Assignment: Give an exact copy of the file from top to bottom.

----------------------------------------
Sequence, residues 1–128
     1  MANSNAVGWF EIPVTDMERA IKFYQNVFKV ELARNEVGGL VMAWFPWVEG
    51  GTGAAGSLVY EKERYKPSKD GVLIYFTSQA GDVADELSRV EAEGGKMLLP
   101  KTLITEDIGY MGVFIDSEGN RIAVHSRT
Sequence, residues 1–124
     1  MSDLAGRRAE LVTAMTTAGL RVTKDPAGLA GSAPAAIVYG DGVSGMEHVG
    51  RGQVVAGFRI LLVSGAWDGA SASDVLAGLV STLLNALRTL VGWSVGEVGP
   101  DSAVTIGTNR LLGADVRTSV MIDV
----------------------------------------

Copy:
Sequence, residues 1–128
     1  MANSNAVGWF EIPVTDMERA IKFYQNVFKV ELARNEVGGL VMAWFPWVEG
    51  GTGAAGSLVY EKERYKPSKD GVLIYFTSQA GDVADELSRV EAEGGKMLLP
   101  KTLITEDIGY MGVFIDSEGN RIAVHSRT
Sequence, residues 1–124
     1  MSDLAGRRAE LVTAMTTAGL RVTKDPAGLA GSAPAAIVYG DGVSGMEHVG
    51  RGQVVAGFRI LLVSGAWDGA SASDVLAGLV STLLNALRTL VGWSVGEVGP
   101  DSAVTIGTNR LLGADVRTSV MIDV